Not just that chick, the spices are immensely good for your immune system. I personally try to avoid pastes out of jars - at a pinch they can be useful but I prefer to do it all from scratch. It can be a pain though at times
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  #472  
Old 22.05.2012, 22:29
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Re: Tonight's dinner?

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Not just that chick, the spices are immensely good for your immune system. I personally try to avoid pastes out of jars - at a pinch they can be useful but I prefer to do it all from scratch. It can be a pain though at times
I fry the spices in oil myself, but the whole my own paste, freshly blended, I only do when cooking for an occasion or more than just me.

I never thought about the immune system bit. Really?
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  #473  
Old 22.05.2012, 22:31
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I fry the spices in oil myself, but the whole my own paste, freshly blended, I only do when cooking for an occasion or more than just me.

I never thought about the immune system bit. Really?
Turmeric, pepper (black and red), ginger are especially good. Oh and garlic of course. Not sure about cumin and coriander.
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  #474  
Old 22.05.2012, 22:37
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Re: Tonight's dinner?

I grew up in a culture where spices were seen as evil liver killing potions and powders, pretty much like here..Kids under 10 were not given anything else than paprika in goulash, salt (a lot, I guess, to make up for it) and pepper.

But I have a feeling that kind of old wife's tale is...old.

I always thought the hotness is meant to keep people perky, make their body work and preserve the food?
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  #475  
Old 22.05.2012, 22:47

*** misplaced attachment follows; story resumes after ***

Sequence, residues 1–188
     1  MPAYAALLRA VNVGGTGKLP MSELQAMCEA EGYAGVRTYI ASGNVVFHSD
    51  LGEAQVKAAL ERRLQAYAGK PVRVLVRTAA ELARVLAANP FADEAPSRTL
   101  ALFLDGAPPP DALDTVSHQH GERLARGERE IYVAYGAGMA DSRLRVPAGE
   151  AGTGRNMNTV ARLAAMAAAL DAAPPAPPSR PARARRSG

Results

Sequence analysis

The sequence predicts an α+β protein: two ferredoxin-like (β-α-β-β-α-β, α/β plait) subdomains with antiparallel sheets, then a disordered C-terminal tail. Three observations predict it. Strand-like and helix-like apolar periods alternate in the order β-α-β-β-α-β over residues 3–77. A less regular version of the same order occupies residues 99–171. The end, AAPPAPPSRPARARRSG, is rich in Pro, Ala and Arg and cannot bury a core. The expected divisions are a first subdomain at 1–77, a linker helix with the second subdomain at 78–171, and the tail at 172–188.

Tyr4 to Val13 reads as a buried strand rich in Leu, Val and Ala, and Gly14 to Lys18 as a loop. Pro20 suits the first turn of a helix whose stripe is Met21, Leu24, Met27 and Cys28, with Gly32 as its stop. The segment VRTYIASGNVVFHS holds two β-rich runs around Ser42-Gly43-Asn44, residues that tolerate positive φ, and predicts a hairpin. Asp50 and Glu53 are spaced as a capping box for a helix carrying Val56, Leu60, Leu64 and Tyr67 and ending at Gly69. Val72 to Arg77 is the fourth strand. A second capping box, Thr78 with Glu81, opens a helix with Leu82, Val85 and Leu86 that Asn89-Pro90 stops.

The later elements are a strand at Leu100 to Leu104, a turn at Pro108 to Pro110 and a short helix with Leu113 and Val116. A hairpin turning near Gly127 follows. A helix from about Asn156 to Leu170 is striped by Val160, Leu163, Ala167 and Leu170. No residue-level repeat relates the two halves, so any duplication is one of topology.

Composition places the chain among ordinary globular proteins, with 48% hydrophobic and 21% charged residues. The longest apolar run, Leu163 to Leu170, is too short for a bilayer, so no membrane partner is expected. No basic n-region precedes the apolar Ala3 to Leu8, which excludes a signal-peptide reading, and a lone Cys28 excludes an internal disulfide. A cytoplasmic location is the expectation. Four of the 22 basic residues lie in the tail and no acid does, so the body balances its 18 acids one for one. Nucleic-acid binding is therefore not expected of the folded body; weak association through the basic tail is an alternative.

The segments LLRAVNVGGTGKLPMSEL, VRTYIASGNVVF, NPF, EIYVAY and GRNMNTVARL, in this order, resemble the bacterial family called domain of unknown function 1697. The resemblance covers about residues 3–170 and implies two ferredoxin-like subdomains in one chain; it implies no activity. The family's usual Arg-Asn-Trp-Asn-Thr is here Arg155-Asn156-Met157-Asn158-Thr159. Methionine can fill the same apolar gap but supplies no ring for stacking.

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Re: Tonight's dinner?

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I grew up in a culture where spices were seen as evil liver killing potions and powders, pretty much like here..Kids under 10 were not given anything else than paprika in goulash, salt (a lot, I guess, to make up for it) and pepper.

But I have a feeling that kind of old wife's tale is...old.

I always thought the hotness is meant to keep people perky, make their body work and preserve the food?
Well I suppose that that's also a nice side-effect.

Check out these links:
http://www.naturalnews.com/026319_sp...ice_curry.html
http://www.naturalnews.com/035530_im...bs_spices.html
http://www.livestrong.com/article/36...spices-health/
http://isim.ku.dk/units/cellular_and..._immune_system

So you see, it's not just tasty to eat all of that spice, it's bloody good for you too *yum*
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  #476  
Old 22.05.2012, 22:51
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Re: Tonight's dinner?

Asian cooking uses spices and chillies to suppress/kill bacteria in meat and fish dishes, generally.
The addition of yohgurt balances and restores the necessary friendly critters for healthy intentinal functionality.